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I came across the following proof in my textbook that was used as a end of chapter review. How can I prove the following by using any method?

$$\left( \begin{array}{c} n \\ 1\ \end{array} \right) + 3 \left( \begin{array}{c} n \\ 3\ \end{array} \right) +5 \left( \begin{array}{c} n \\ 5\ \end{array} \right) +... = 2 \left( \begin{array}{c} n \\ 2\ \end{array} \right) + 4 \left( \begin{array}{c} n \\ 4\ \end{array} \right)+... $$

Could use some help as I work through possible exam questions.

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    $\begingroup$ Hint : Take derivatives on both sides of $(1-x)^n=\sum_{k=0}^n \binom{n}{k}(-x)^k$, and evaluate at $x=1$. $\endgroup$ – Ewan Delanoy Feb 5 '18 at 14:41
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    $\begingroup$ @EwanDelanoy could you show me how this is done? that would be great help! $\endgroup$ – user104 Feb 5 '18 at 14:48
  • $\begingroup$ Which part of my comment is it you don't get ? Try using google or wikipedia. $\endgroup$ – Ewan Delanoy Feb 5 '18 at 14:53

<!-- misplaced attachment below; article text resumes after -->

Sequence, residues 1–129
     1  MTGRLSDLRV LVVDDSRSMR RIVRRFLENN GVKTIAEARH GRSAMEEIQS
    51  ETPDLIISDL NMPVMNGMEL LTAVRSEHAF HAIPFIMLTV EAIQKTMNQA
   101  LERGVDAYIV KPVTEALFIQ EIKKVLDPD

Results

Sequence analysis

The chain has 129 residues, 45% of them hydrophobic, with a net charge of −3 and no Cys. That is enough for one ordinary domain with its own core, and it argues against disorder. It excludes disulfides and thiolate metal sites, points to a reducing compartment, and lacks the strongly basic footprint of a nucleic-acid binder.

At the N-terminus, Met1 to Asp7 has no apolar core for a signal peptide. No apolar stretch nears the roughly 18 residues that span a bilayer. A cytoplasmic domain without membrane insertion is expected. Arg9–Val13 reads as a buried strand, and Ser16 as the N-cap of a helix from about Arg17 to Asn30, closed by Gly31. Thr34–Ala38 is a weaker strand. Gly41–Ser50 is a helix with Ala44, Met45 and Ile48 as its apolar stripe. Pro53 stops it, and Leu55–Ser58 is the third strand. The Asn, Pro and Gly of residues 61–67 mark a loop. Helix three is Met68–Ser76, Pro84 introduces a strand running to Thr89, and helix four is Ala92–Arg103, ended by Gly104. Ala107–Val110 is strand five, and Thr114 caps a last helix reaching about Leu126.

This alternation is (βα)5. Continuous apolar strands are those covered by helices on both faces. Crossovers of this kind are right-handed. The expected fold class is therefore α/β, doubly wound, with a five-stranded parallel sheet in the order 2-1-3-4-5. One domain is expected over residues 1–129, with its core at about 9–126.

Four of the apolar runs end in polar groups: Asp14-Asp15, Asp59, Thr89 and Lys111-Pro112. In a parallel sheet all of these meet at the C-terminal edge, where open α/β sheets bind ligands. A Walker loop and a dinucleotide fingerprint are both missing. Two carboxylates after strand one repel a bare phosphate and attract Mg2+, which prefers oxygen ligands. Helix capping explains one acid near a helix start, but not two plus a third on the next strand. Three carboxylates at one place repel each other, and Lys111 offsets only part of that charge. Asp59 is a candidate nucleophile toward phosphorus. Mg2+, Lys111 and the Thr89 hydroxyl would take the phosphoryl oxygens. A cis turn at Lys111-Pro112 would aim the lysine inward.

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Putting the right-hand side to the left we have \begin{align*} \binom{n}{1}-2\binom{n}{2}+3\binom{n}{3}-\cdots= \begin{cases} 1\qquad n=1\\ 0\qquad n>1 \end{cases} \end{align*} or in more compact notation using Iverson brackets: \begin{align*} \sum_{k=1}^n(-1)^{k+1}k\binom{n}{k}=[[n=1]] \end{align*}

We obtain for integer $n>0$ \begin{align*} \color{blue}{\sum_{k=1}^n(-1)^{k+1}k\binom{n}{k}} &=n\sum_{k=1}^n(-1)^{k+1}\binom{n-1}{k-1}\tag{1}\\ &=n\sum_{k=0}^{n-1}(-1)^k\binom{n-1}{k}\tag{2}\\ &=n(1-1)^{n-1}\tag{3}\\ &\color{blue}{=[[n=1]]} \end{align*} and the claim follows.

Comment:

  • In (1) we apply the binomial identity $\binom{n}{k}=\frac{n}{k}\binom{n-1}{k-1}$.

  • In (2) we shift the index $k$ to start with $k=0$.

  • In (3) we apply the binomial theorem.

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The way @EwanDelanoy has told in the comments is absolutely correct. I shall be using $C_0$, $C_1$ etc. for $\binom{n}{0}$, $\binom{n}{1}$ and so on.

Here's how the proof goes :

$$(1 - x)^n = C_0 - C_1x + C_2x^2 - C_3x^3 + ..... + (-1)^n.C_nx^n$$

Differentiating both sides with respect to $x$, $$-n(1 - x)^{n-1} = -C_1 + 2.C_2x - 3.C_3x^2 + 4.C_4x^3 - ....$$ (You can verify this by using the Chain Rule)

On putting $x = 1$, $$0 = -C_1 + 2.C_2 - 3.C_3 + 4.C_4 - ....$$ $$\implies C_1 + 3.C_3 + 5.C_5 + .... = 2.C_2 + 4.C_4 + 6.C_6 + ....$$ (Taking the negative terms to the L.H.S.)

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